3.3 Spatial hearing basics

In the previous section, it was described how various stages of the auditory system respond to ITDs, ILDs and their resemblance to the cross-correlation function. In this section, the relation between physical attributes of sound sources and these localization cues will be described.

3.3.1 Spatial hearing with one sound source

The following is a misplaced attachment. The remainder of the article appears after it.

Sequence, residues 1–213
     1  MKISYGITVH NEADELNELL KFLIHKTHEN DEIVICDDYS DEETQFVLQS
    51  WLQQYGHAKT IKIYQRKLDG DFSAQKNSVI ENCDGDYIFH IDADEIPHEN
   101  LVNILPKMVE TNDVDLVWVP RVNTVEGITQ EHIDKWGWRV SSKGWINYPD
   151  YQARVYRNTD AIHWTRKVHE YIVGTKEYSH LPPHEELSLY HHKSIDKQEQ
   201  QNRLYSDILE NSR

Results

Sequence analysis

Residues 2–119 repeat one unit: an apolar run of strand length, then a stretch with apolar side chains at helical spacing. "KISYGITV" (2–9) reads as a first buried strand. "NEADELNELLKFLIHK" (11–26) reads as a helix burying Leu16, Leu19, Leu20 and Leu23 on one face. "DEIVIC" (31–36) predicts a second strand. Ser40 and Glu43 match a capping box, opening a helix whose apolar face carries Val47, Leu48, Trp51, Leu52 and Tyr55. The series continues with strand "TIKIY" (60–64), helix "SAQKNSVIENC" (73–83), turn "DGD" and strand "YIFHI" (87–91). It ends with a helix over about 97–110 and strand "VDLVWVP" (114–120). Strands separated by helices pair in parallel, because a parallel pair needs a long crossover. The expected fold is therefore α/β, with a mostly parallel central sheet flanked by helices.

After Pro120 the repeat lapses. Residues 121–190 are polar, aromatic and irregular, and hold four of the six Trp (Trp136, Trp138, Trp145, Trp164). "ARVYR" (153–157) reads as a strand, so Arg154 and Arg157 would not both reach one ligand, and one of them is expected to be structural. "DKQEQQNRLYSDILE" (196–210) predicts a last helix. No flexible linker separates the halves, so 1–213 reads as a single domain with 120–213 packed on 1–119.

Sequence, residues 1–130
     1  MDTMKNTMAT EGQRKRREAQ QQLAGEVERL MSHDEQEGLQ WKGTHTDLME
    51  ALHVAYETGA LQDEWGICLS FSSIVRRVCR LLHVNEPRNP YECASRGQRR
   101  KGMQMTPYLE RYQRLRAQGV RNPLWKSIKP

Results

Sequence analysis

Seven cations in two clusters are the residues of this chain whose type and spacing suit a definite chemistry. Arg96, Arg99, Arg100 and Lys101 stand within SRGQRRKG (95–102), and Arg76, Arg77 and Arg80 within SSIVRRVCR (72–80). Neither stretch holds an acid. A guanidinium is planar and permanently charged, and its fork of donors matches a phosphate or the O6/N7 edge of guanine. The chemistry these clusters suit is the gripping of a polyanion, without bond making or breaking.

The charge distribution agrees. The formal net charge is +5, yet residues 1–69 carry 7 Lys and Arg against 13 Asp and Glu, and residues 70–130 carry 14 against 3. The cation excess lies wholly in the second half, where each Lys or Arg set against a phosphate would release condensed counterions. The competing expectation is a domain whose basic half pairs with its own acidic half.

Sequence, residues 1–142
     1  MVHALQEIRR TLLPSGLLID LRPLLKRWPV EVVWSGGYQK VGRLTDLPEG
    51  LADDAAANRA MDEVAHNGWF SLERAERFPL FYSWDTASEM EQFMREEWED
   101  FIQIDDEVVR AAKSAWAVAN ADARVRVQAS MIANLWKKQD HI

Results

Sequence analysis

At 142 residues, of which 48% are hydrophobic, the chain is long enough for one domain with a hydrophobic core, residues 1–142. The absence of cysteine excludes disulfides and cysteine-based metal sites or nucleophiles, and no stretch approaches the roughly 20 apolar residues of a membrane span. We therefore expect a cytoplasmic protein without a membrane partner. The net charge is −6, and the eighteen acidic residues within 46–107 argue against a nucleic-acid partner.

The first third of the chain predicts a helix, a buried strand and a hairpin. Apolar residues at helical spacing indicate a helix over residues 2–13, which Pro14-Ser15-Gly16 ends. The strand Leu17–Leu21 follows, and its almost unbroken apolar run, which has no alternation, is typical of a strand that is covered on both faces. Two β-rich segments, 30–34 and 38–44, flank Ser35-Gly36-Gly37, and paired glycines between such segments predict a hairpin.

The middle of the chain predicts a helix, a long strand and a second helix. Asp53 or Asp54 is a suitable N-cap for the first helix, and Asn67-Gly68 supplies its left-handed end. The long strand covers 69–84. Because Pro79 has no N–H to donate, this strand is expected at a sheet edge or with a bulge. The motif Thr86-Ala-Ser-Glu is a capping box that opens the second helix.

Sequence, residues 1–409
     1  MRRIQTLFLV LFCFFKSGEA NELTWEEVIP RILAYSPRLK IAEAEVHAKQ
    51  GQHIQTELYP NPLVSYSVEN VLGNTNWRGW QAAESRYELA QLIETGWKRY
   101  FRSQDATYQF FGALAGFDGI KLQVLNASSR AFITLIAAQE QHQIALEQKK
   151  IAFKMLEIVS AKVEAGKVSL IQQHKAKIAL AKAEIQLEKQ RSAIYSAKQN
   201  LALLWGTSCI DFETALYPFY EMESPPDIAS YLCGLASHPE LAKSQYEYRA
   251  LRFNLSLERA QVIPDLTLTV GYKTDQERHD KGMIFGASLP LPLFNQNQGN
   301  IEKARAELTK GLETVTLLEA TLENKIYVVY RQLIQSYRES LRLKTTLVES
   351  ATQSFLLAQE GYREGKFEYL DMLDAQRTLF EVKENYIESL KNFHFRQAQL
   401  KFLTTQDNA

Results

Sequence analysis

The simplest listening scenario is when there is one sound source in free-field. Free-field denotes an open space with no physical objects from which sound is reflected. Anechoic chambers are rooms frequently used for experimentation under free-field-like conditions. Due to their highly sound absorbent walls there are virtually no reflections, similarly to free-field. Localization denotes the relation between the location of an auditory object and one or more attributes of a sound event. A sound event denotes sound sources and their corresponding signals responsible for the perception of the auditory object. For example, localization may describe the relation between the direction of a sound source and the direction of the corresponding auditory object. Localization blur denotes the smallest change in one or more attributes of a sound event such that a change in location of the auditory object is perceived. For sources in the horizontal plane, localization blur with respect to direction is smallest for sources in the forward direction of a listener. It is slightly larger for sources behind the listener and largest for sources to ...

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